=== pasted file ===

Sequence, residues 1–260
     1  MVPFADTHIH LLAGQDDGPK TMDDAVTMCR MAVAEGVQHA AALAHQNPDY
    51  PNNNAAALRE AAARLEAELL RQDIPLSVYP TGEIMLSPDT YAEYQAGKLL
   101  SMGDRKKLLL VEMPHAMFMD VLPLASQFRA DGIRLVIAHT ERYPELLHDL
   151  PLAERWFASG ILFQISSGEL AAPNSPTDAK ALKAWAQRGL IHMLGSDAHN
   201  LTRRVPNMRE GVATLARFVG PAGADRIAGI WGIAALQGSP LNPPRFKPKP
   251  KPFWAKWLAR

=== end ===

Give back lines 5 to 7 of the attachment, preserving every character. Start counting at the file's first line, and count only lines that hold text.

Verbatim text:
   151  PLAERWFASG ILFQISSGEL AAPNSPTDAK ALKAWAQRGL IHMLGSDAHN
   201  LTRRVPNMRE GVATLARFVG PAGADRIAGI WGIAALQGSP LNPPRFKPKP
   251  KPFWAKWLAR